First generation Thunderbirds are all about style, and this 1955
T-Bird does it the best. With an unbeatable factory color
combination, amazing interior, immaculate V8 under the hood, and
overall exceptional clean presentation, this is desire on wheels.
It's so clean, and so well restored, it just might be the finest
first-year T-Bird we've ever had at Streetside Classics - it truly
is that nice!
These first-year Thunderbirds are true icons. It only gets better when it's in the factory-correct color of R-code Torch Red. The clean, bright, distinctive paint leaves a lasting impression that complement's the Thunderbird's legendary long and chrome-laden look. The car looks pretty original, which is the product of a frame-off restoration that had the goal of making you feel like you were picking this up from the Dearborn factory in '55. This is the kind of appearance that will slow traffic especially with its new contrasting black folding soft top in place - so you were not the only one to stop and stare at this red T-Bird. Factory wheel covers with red and chrome tie this package together perfectly.
Just as the cool whitewalls add a pristine touch to the red exterior, the white accent color looks great with the red interior, too. The overall effect is a striking combination that will have people complementing you about how clean the interior looks, and many will swear it's a custom creation (but it's actually factory-correct!) Style and luxury were the true hallmarks of this classic, and that's why it comes with rare features for its time like the four-way power seat. The factory AM radio has been converted to AM/FM and heat/defrost sliders are all displayed in a machine-turned panel that flows across both doors and the dash. This frames the power steering wheel, and above it is the nifty speedometer that's lit from behind by a Plexiglas panel viewed through the windshield. Just to the left of this is the tachometer and to the right is the working clock. So yes, there was just as much attention and investment in the interior as the exterior during the full restoration.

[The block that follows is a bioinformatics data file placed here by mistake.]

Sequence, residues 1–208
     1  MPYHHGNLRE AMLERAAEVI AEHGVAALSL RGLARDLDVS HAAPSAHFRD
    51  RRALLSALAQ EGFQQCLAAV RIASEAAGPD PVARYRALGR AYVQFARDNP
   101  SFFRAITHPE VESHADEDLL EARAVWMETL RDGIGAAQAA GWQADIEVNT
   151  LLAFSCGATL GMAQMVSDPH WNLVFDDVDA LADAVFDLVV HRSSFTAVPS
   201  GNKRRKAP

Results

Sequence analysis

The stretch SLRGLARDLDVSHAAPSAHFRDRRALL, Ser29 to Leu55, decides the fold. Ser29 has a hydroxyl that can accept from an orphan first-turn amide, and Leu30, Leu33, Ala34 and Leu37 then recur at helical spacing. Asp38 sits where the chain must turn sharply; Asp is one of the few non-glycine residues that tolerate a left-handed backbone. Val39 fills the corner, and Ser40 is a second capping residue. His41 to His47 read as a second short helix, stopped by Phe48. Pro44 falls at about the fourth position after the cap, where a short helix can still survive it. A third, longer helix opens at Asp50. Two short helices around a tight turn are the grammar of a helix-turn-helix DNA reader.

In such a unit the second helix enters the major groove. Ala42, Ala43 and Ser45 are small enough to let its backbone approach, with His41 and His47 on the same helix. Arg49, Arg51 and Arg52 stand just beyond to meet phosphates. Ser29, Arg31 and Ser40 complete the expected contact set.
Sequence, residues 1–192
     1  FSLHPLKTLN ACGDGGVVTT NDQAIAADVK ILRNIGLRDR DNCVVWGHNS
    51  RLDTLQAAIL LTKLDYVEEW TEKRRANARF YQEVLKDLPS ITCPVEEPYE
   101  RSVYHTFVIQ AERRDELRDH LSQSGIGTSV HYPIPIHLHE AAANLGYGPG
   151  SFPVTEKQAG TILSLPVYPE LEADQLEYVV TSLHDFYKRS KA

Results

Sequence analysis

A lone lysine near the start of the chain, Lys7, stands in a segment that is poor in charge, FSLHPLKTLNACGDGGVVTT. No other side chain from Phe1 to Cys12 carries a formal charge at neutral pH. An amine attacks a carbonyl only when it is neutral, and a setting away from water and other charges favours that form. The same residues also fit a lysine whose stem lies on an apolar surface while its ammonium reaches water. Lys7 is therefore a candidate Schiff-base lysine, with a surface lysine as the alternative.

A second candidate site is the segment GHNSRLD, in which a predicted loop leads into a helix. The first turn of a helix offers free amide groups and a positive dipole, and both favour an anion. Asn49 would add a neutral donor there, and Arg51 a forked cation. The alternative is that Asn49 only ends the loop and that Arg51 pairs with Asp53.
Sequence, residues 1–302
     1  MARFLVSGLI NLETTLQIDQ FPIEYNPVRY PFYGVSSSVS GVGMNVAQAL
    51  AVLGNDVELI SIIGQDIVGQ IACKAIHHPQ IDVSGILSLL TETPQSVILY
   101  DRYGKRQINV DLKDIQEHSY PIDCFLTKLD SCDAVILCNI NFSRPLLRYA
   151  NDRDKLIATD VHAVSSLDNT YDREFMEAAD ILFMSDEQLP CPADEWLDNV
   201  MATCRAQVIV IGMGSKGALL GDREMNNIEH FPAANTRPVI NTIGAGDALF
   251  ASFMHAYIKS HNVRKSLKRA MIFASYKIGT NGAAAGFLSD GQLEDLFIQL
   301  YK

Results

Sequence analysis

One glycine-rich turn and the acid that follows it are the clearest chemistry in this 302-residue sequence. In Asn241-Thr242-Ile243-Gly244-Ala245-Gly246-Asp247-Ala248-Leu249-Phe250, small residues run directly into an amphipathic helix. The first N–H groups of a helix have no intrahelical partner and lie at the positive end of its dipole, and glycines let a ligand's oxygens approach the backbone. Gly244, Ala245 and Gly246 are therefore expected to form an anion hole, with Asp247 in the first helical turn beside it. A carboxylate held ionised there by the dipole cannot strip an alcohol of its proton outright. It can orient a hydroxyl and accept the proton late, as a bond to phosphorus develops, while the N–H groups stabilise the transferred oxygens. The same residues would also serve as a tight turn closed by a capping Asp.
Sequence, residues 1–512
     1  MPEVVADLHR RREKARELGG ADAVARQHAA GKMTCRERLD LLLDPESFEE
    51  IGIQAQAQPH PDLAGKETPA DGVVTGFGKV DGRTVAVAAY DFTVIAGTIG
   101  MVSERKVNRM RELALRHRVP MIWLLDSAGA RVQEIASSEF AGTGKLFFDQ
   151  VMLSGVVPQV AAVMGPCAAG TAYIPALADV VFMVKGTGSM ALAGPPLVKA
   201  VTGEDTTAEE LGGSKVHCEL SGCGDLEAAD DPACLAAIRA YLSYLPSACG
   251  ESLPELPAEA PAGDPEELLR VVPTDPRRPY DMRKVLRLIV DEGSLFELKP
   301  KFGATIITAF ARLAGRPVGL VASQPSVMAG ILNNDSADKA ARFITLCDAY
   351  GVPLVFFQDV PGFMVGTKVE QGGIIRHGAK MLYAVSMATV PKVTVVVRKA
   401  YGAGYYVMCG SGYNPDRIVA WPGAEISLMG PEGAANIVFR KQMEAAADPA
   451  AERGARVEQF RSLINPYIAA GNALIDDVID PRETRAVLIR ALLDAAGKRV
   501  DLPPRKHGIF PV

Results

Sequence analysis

The "Thunderbird Special" 292 cubic-inch V8 looks authentic right down to iconic Thunderbird logo valve covers. Just like interior and the exterior, the engine bay is expertly presented, so you know it's ready for the car show. It's a powerhouse of a motor, but it doesn't lose its luxury-minded attitude as it sweetly purrs through bumper-mounted dual exhaust system. The three-speed automatic transmission stays comfortable as it clicks through the gears without a fuss. Plus, the power steering and supple suspension mean this is great cruising classic.
We can show you all the documentation that comes with the sale such as the restoration receipts, maintenance records, and owner's manual, but really all you have to do is look at the undercarriage photos. The immaculate condition of a place that hardly anyone sees is a clear indication of thoughtful restoration and a cut-above classic. This is the kind of car you can pick up from us on a Saturday and win your first trophy on Sunday. So hurry before someone else snaps up your perfect T-Bird. Call today!!!
Pick of the Day driven less than 80,000 miles since new
Car is being sold because owner lost its indoor storage spot
This is the sixth vehicle in the 30-day Countdown to Barrett-Jackson’s 47th annual Scottsdale auction.
The “square-bird” four-seater models that replaced Ford’s iconic Thunderbird roadsters are considered the original “personal luxury” cars.
Barrett-Jackson auctioned off in Scottsdale the impeccable silver-gray 1956 Ford Thunderbird that the legendary Frank Sinatra drove around Palm Springs, California, when he was not off with the rest of the Rat Pack.
Strikingly elegant was the thought that popped to mind when this triple black 1966 Ford Thunderbird appeared as I clicked through candidates for Pick of the Day.
The first-generation two-seat Ford Thunderbird is always a favorite among classic and collector car owners, which sometimes leaves the second generation largely overlooked.
The Ford Thunderbird has gone through many iterations during its design and market focus.
After a visit to Europe in the early 1950s, Henry Ford II decided he wanted to build a two-seat, convertible sports car for the American public.